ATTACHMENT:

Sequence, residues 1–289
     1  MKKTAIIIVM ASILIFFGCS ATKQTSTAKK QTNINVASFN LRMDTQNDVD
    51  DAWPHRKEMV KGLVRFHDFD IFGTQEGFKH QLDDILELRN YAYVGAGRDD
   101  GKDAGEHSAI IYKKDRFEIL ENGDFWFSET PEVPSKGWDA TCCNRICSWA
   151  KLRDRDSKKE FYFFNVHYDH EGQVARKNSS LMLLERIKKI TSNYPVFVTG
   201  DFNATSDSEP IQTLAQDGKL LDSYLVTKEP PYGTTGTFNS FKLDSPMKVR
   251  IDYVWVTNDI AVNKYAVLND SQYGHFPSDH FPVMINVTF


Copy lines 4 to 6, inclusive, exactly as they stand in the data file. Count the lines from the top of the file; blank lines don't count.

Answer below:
   101  GKDAGEHSAI IYKKDRFEIL ENGDFWFSET PEVPSKGWDA TCCNRICSWA
   151  KLRDRDSKKE FYFFNVHYDH EGQVARKNSS LMLLERIKKI TSNYPVFVTG
   201  DFNATSDSEP IQTLAQDGKL LDSYLVTKEP PYGTTGTFNS FKLDSPMKVR